My Ph. D has a lot to do with fermentation science, which a lot of us will be familiar with in terms of producing ethanol for alcoholic beverages. Fermentations can be carried out on large industrial scales at brewers whose brands were probably already too aware of. In addition to this, fermentations can be carried out at home resulting in “home brew beverages”. Wines, beers and ciders are commonly made by home brew enthusiasts. My project is similar, except instead of yeast I use clostridia. Instead of mildly intoxicating ethanol I make butanol… inedible but useful as a biofuel. Photo attached is an example of a home brew kit, it can be really simple to do with just a couple of clean and sealable buckets.

Making and Sharing Content Online

This weeks two “things” for the RDP 23 things programme looked at creating and sharing content on-line such as screen casts and slide sharing.  I am currently enrolled on SysMIC an online learning programme teaching how to use MATLAB for computational and systems biology. So they used a lot of these screen casts to show their workings. I had wondered how they did this so I am glad to know where I can find the tools. I probably won’t use it just yet, but if I were to go further into to teaching and complete the Graduate Certificate in Learning and Teaching I would imagine it would be a great tool to incorporate into lesson or lab practicals.

Sharing research online: I am still thinking about this one before I will publish anything. Firstly, I have to consider the interests of my industrial sponsor, GreenBiologics, before I publish anything. Also, I don’t know how protective I should be about sharing research online before submitting my thesis. Would it effect my outcomes? What about plagiarism, where do I stand if I publish something here that is similar to what might end up in my thesis somewhere? This is perhaps all fuelled by my paranoia about sharing anything online even on my personal Facebook page where I only have friends and family. It will be something that I will have to slowly adopt and get used to.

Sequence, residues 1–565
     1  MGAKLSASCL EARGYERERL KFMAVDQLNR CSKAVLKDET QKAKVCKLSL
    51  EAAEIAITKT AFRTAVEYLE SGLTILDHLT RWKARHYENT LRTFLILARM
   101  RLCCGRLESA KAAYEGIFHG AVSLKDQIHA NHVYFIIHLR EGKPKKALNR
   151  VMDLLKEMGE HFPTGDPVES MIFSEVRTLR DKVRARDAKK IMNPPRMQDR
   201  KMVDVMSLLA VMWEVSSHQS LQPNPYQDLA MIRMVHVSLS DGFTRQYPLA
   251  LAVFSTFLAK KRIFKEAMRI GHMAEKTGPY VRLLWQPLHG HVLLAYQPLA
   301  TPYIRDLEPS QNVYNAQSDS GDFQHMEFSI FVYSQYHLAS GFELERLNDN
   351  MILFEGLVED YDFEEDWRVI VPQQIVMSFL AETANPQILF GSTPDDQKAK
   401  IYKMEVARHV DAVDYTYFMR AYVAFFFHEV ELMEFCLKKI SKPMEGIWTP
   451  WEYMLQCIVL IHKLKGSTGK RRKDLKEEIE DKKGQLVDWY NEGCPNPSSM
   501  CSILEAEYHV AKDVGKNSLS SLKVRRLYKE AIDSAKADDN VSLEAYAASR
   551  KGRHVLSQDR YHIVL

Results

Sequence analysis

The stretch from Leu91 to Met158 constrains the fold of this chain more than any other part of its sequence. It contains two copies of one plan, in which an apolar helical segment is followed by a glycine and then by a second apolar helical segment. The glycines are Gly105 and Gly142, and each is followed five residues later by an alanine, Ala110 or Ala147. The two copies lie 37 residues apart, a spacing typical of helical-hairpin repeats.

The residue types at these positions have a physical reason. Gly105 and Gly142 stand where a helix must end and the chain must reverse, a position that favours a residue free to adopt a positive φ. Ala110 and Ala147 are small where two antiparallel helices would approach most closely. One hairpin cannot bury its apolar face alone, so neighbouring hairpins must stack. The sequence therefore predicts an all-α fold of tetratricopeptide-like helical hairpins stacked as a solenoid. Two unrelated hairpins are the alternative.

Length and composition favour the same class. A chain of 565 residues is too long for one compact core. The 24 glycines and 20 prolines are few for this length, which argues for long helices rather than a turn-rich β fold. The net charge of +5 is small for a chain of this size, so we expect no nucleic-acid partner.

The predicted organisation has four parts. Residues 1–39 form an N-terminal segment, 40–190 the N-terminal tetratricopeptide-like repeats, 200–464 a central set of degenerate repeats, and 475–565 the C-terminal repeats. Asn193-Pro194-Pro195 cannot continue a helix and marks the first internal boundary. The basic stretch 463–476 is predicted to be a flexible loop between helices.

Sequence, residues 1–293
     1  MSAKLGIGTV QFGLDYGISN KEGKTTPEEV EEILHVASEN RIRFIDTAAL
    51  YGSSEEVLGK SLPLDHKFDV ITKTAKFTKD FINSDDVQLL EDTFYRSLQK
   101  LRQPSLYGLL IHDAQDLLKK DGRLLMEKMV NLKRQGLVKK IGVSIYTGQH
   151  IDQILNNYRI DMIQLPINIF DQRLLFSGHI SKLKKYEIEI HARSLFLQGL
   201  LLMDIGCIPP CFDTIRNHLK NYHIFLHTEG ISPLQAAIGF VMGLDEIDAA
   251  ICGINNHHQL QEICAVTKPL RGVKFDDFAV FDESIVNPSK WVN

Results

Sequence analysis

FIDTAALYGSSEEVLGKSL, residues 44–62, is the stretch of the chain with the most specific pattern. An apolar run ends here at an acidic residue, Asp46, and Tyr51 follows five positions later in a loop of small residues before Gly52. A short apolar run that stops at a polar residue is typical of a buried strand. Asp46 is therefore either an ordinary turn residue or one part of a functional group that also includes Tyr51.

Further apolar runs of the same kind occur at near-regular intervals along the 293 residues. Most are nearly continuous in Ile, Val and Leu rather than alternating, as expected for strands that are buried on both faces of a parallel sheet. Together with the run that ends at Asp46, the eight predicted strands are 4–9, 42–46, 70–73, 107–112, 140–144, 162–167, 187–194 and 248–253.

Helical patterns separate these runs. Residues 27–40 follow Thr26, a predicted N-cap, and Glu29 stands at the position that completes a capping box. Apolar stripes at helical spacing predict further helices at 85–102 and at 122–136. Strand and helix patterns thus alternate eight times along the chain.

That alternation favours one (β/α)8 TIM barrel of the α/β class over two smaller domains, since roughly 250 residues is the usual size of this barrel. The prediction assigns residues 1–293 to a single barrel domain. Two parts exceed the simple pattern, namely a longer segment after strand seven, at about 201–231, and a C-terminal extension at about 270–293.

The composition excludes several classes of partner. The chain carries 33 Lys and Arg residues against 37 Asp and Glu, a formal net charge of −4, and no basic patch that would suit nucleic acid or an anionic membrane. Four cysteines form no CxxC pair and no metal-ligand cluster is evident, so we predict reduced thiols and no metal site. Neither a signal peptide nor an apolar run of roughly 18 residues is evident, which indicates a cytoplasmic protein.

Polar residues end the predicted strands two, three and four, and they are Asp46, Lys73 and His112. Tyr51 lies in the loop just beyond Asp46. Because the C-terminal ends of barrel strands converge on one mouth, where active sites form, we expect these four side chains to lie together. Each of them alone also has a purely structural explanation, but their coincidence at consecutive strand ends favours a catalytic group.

Confirmation: Defending your Project.

So I passed confirmation a few weeks ago. This is a process that occurs after the end of the first year of a Ph. D programme at the University of Surrey in order to confirm my status as a Ph. D student and so ending the “probationary” year.

It consists of writing a short report on the progress so far, including not only your experimental findings but also details of training, conferences and other such like events that you have attended in addition to a plan for completion. The second component is a viva voce. A shorter version of the viva  that takes place at the end of a Ph. D. This is meant to provide feedback of work so far and can offer advice as how to continue/develop the project in future years. . . as well as a defence of what you have done and why your work is novel.

The feedback was great, it was what I would have wanted and I have already started work on improving my report, just as a learning exercise for my final thesis. I’ll be working on editing some of my data presentation, which is something I have found that I am finding more and improved way to present my data as my project progresses. I also have a few more ideas for topics to put into my literature review.

However, it was still quite a grilling. Afterwards I felt strangely exhausted and mine only lasted 1 hour and 40 minutes. I can’t imagine how it will feel during the final viva, they can go on for several hours. I’m glad I know what I might be facing but the confirmation hasn’t made the final viva feel any less daunting or intimidating!